-- Jesus is Lord!

View scottb's profile


3648 posts in 4297 days

#11 posted 05-27-2007 03:06 PM

Funny how we are all able to compare artIST and craftsman, but not artiSAN and craftsman.

after pondering this for the past several months, I’m no closer to defining a difference, save which sounds better with a particular medium. Artisan sounds better with crafts (rugs, weaving, leatherwork, even bread). – not sure about boxes, tables and home interiors.

-- I am always doing what I cannot do yet, in order to learn how to do it. - Van Gogh -- --

View Roger Strautman's profile

Roger Strautman

656 posts in 4103 days

#12 posted 05-27-2007 03:33 PM

It’s funny how things work because I just happened upon this topic and I’m in the middle of a carving that will have a quote from an unknown author on it that goes with this topic.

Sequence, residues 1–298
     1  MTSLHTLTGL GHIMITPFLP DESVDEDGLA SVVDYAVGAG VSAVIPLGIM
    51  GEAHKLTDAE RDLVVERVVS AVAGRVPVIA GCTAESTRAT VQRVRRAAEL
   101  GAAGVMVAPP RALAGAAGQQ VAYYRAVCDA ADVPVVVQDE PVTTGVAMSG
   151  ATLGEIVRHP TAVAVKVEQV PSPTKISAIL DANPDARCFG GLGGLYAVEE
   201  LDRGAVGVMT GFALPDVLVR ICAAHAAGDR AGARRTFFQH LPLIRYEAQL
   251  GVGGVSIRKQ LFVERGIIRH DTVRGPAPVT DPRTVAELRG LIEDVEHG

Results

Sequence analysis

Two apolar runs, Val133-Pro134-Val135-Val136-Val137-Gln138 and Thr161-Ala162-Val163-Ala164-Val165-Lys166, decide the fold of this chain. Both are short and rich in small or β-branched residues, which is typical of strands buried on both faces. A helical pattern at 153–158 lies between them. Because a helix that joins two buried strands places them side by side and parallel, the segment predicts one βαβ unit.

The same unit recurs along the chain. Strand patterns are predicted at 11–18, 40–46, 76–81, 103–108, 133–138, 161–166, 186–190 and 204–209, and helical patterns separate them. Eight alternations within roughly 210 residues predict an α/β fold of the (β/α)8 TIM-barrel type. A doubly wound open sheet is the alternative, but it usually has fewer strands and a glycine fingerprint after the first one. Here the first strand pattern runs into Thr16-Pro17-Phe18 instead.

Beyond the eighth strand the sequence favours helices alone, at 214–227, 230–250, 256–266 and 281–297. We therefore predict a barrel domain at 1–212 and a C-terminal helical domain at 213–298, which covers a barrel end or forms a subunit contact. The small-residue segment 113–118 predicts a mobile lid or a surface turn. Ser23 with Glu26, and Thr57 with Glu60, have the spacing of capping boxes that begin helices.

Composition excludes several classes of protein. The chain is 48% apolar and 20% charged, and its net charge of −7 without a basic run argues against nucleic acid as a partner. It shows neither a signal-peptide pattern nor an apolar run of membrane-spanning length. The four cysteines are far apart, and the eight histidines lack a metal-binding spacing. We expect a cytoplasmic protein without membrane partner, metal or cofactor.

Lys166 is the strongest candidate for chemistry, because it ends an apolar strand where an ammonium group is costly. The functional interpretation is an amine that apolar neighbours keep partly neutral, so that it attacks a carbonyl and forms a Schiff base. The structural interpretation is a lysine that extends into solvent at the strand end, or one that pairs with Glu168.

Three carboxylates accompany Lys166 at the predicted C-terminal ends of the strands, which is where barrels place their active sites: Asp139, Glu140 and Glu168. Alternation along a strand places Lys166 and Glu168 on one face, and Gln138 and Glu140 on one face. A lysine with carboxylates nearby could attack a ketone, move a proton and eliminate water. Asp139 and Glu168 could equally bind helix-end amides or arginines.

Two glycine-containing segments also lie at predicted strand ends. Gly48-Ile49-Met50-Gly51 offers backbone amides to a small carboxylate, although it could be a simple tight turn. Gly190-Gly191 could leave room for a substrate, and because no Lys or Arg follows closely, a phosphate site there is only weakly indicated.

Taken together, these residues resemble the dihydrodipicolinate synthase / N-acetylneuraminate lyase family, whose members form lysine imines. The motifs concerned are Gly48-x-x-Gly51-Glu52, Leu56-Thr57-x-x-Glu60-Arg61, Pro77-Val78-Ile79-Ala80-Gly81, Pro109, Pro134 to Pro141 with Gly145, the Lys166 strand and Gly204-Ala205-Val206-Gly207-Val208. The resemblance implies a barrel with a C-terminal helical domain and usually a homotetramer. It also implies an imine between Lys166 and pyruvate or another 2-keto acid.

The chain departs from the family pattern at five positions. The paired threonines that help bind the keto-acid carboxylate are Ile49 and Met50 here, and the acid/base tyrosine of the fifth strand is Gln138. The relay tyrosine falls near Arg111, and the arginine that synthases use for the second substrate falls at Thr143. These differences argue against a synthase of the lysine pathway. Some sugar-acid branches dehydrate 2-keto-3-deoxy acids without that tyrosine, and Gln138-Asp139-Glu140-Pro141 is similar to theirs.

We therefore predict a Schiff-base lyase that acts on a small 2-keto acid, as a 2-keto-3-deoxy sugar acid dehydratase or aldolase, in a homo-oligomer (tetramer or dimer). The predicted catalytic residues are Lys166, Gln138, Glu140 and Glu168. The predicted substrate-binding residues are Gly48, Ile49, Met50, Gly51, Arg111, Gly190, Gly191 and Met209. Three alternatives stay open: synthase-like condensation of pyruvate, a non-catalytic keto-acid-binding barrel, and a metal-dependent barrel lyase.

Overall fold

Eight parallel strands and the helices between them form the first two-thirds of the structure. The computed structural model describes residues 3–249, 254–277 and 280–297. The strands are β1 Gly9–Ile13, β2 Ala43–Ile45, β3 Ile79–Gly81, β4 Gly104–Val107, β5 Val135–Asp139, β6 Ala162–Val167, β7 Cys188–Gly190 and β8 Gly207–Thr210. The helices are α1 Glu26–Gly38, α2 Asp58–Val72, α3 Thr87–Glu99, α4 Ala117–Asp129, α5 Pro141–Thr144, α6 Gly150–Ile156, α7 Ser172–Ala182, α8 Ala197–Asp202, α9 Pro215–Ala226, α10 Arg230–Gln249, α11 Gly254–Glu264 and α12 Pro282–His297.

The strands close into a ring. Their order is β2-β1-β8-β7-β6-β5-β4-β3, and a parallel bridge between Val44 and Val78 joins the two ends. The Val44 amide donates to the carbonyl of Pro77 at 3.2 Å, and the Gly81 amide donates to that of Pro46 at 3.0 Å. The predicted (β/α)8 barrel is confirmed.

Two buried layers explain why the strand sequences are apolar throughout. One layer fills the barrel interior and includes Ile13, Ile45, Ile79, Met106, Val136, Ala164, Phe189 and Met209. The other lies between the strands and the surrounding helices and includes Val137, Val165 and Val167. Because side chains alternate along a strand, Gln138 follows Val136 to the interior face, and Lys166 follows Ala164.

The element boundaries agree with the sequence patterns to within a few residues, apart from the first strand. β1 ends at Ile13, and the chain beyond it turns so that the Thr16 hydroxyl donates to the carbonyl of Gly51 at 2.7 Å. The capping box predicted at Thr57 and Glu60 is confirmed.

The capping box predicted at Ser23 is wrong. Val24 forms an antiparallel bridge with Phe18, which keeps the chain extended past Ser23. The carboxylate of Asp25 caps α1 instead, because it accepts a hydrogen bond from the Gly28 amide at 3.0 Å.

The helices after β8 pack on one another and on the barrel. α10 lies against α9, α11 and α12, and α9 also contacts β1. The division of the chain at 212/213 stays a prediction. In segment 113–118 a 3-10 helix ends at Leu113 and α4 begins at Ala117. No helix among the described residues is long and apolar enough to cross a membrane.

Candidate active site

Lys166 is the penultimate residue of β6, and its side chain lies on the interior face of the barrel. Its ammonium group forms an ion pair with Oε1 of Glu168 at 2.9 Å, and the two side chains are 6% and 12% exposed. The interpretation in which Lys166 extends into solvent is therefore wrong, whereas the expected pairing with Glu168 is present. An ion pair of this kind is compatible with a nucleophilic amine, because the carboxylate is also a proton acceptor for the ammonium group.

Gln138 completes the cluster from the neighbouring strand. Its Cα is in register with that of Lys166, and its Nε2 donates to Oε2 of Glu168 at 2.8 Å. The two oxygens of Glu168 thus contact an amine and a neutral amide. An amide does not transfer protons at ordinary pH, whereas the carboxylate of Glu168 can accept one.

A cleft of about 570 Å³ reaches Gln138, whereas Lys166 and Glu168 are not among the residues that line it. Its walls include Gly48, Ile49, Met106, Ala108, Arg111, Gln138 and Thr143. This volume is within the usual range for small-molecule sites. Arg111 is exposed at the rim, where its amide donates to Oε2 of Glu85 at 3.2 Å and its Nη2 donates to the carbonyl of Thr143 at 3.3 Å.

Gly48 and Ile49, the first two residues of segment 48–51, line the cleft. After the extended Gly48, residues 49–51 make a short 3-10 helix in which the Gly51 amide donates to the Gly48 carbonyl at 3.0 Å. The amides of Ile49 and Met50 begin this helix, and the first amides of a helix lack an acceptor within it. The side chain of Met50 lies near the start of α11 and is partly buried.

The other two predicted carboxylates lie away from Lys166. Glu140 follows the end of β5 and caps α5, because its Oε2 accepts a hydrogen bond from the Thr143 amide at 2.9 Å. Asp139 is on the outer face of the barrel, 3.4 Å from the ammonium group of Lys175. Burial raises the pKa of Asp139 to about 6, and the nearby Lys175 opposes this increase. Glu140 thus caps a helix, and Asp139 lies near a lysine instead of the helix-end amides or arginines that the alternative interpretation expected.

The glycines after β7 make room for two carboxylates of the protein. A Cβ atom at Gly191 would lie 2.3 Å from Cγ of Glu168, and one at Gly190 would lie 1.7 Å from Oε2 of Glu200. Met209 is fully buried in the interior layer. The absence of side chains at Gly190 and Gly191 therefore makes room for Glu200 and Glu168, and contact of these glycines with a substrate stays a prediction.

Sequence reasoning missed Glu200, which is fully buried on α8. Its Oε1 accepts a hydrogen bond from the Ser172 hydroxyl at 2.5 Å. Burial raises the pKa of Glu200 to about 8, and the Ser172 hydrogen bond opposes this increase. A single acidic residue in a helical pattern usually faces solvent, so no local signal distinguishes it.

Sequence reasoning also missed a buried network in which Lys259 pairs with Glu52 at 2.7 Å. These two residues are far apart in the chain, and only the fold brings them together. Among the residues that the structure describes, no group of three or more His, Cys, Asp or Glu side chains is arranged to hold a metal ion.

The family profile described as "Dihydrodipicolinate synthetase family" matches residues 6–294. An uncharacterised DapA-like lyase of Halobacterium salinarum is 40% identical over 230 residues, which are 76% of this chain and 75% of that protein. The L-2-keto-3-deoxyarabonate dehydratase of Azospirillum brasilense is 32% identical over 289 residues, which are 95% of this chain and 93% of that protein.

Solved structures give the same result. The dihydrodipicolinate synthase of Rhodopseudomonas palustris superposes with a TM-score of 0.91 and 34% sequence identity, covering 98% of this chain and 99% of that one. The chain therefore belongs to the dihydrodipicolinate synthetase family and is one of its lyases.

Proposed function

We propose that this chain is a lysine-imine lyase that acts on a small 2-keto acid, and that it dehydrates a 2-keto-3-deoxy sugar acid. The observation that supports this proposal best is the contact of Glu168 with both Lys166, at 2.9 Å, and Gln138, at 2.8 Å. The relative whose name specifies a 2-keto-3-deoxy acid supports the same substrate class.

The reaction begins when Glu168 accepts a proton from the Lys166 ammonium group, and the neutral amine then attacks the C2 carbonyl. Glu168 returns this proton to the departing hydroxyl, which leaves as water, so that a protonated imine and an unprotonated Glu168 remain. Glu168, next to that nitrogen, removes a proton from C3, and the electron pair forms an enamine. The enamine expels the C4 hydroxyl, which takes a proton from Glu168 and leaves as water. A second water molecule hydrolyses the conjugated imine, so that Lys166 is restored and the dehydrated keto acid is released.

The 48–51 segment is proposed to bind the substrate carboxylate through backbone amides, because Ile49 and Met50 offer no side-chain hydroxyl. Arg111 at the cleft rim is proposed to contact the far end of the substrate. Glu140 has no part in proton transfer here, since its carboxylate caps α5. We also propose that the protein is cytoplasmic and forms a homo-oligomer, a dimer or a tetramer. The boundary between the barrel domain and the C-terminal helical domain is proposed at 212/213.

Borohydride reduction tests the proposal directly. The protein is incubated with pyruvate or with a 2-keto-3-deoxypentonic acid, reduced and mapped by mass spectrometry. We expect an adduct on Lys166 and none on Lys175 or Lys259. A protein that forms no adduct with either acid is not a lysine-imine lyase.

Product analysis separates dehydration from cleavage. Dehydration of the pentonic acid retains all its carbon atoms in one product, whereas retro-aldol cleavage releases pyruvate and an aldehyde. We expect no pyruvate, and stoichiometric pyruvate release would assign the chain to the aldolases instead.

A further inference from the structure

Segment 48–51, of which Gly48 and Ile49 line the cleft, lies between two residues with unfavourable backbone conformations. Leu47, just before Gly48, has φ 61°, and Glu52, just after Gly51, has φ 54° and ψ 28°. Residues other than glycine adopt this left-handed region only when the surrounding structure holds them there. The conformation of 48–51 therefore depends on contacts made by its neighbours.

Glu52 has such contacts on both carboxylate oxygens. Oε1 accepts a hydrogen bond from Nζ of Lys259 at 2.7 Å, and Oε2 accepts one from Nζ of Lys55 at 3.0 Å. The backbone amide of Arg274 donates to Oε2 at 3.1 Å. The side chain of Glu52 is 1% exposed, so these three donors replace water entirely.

Photo Sharing and Video Hosting at Photobucket

!Photo Sharing and Video Hosting at Photobucket!

As you can see I liked it so much that I chose to make it be known that I believe in it. I can't seem to get the picture to come up so I will post as a project. Sorry!

-- " All Things At First Appear Difficult"

View gizmodyne's profile


1777 posts in 4060 days

#13 posted 05-27-2007 04:29 PM

I finally read this post. I agree with the spirit of the quote of Mark’s friend; most likely the oil refinery was not going to be the place to get it going.

I don’t agree with the definition of art given, as I do believe that art can be functional. I think we had a recent discussion elsewhere that delved into modern art, form vs. function, etc.

I think this is a pretty artsy discussion however, therefore indicating to me that many of you, and I as well, are seeking artist’s paths in some form.

Art doesn’t require a skill level. I think about the guy who built the Watt’s Towers in his back yard, or average guys in my first wood class who had this desire to expresss themselves as demonstrated in highly detailed mallets and tool boxes.